Kiosk Mode: This is a must have for the Health Care environment.  I have a bunch of zero clients booting without any user intervention, very cool.  It removes the change factor for my deployment as most of my users just see a new monitor and don't even realize the change, which is exactly what I want.

Windows 7 Support: Windows 7 works great virtualized, I've been running it for six months now, and I'm writting my blog (and every blog I've written for the past six months) on my virtualized Windows 7 box running off a Zero Client.  Oh and yes it supports dual screen without a hickup.

Smart Card support: It does that too, however don't get your hopes up for those of you (like me) that are running a zero client shop.  The only card I know that works with the zero client is the CAC card (google it).  Although you could probably install the smart card software within the VM, but that defeats the purpose if you ask me.  (If someone has experience with this please comment below - also if you know anything about running a prox card on a zero client).
Role Based Administration: This is outstanding for those of us who allow helpdesk to support the View clients.  Now I can have them access the View Administator and have limited access to just reset or recompose a desktop.
Location Based Printing: Who doesn't love the sound of that?  Make sure to download the View Administrator Guide and search for "Location-based", it should be under  Configuring Policies.  This basically uses Microsoft Group Policy to automatically attach network printers that are near the desktop being used.  Very cool.

In my opinion your biggest issues will always be USB issues.  This is the case with all remote access technology.  While XenDesktop and VMWare View have made leaps with this level of support they still have a lot of work to do on USB support.   I know there are some big things coming down the pipe with regard to USB so stay tuned to those.

 

 

 

 

 

It's been awhile since my last post,  I appoligize I've had a major bug that made my deployment come to a stand still.  I'm on Beta code so this isn't a shot against View, I'm on Beta, Beta is supposed to be buggy.    In any case I think I got my bugged worked out last night, only time will tell.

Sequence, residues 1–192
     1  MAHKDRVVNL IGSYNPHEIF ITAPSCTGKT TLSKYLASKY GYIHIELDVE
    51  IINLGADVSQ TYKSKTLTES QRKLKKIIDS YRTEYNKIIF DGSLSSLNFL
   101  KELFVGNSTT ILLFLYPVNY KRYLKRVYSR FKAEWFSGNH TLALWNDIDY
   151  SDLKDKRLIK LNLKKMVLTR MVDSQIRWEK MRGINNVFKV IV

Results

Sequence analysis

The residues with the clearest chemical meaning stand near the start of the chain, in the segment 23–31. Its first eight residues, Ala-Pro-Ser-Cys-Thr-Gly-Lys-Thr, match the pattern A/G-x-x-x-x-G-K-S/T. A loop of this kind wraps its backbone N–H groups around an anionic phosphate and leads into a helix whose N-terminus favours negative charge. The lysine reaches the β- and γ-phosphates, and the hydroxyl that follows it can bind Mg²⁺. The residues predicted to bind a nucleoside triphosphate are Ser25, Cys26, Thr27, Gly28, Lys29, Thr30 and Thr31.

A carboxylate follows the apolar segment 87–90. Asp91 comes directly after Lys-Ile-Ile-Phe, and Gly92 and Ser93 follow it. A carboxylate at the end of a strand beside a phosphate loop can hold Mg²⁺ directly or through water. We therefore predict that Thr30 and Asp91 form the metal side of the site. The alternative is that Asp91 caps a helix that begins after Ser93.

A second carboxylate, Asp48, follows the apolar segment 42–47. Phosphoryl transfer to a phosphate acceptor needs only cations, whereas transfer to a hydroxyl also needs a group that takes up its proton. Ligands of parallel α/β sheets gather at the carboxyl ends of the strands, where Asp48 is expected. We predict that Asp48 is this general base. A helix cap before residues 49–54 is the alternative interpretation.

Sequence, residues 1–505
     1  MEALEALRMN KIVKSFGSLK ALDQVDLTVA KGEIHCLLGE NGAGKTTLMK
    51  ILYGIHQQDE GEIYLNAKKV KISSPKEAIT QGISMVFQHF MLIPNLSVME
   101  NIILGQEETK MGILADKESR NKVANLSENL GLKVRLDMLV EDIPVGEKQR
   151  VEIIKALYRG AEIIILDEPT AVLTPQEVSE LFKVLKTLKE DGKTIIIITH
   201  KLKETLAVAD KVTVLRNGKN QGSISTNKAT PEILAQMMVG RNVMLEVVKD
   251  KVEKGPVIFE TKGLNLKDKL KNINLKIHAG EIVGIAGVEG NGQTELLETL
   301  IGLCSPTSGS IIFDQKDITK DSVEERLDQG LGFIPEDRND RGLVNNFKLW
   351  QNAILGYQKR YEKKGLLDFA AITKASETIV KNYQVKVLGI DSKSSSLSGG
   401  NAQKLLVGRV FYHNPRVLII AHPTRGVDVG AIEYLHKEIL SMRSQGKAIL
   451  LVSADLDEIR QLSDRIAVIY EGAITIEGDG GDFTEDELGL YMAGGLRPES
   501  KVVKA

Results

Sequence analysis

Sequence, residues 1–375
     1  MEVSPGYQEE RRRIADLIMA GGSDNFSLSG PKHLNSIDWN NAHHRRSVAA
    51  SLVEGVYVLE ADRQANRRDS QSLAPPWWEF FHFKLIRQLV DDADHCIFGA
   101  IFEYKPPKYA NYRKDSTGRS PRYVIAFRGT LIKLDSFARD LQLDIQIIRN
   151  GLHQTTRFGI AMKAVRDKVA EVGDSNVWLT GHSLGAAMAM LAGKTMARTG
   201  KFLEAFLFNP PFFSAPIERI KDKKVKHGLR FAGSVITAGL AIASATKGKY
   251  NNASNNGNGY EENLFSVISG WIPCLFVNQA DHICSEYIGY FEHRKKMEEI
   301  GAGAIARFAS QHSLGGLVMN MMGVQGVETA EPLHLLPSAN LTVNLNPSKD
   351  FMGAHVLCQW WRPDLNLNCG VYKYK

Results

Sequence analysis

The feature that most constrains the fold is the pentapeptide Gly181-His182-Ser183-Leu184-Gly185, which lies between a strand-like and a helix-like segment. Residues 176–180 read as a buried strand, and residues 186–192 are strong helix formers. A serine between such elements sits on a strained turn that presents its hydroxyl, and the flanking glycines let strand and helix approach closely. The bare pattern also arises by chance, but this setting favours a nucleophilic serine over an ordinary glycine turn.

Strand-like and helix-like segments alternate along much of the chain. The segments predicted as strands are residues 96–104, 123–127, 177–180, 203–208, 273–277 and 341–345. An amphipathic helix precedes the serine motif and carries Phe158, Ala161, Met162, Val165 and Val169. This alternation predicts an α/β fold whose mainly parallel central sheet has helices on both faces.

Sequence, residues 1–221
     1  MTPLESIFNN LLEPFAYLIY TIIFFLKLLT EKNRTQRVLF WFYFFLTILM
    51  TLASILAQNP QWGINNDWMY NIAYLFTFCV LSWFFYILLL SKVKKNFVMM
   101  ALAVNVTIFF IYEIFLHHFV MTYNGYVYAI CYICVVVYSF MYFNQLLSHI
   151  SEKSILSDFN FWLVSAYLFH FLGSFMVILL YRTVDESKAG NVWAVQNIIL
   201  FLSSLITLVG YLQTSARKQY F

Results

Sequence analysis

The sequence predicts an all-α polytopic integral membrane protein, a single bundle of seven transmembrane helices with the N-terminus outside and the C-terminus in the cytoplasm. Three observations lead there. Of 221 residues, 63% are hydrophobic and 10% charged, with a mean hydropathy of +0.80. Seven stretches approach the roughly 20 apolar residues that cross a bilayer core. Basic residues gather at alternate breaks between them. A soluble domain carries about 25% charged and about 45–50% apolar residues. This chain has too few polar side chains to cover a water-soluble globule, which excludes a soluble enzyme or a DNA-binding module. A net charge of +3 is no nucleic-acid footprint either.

So far I have terminals deployed in two clinics.  It may sound crazy to you but I like to see how a beta runs in a real world situation, especially since I need things in my environment that 4.0 just doesn't have.  One thing I can't get over is how much I love recomposing. 

 

I have recomposed our VMs 5 times, if you're not familiar with that term, think of recomposing as reimaging your desktops.  I have roughly 30 terminals deployed which would be the equivilant of 30 desktops.  Think about how much work you'd have to do to image all of those desktops.  Well for me all i have to do is double click my pool. (These are my pools)

 

http://communities.vmware.com/servlet/JiveServlet/downloadImage/38-6091-10487/Capture1.JPG

 

And then select View Composer - Recompose

 

http://communities.vmware.com/servlet/JiveServlet/downloadImage/38-6091-10488/Capture2.JPG  

 

I'll be asked which snapshot I want to recompose from, then it starts to roll.  Its close to magic how this stuff works.  I spend the next 15 minutes twiddling my thumbs as my vCenter Server goes nuts completely rebuilding every desktop in inventory.

 

http://communities.vmware.com/servlet/JiveServlet/downloadImage/38-6091-10489/Capture3.JPG 

 

Above is a screen shot of 5 desktops in our Urgent Care clinic.  I really like that I can see what Image they are currently running.  The way we administer our images is with version numbers.  As you can see above this is version 5 of the WINXP-BASE desktop. WINXP-BASE is a workstation that we make changes to then we snapshot it.  I can easily revert back to v4 should v5 not work correctly.  Most of my version changes are simple things, some of them are application upgrades.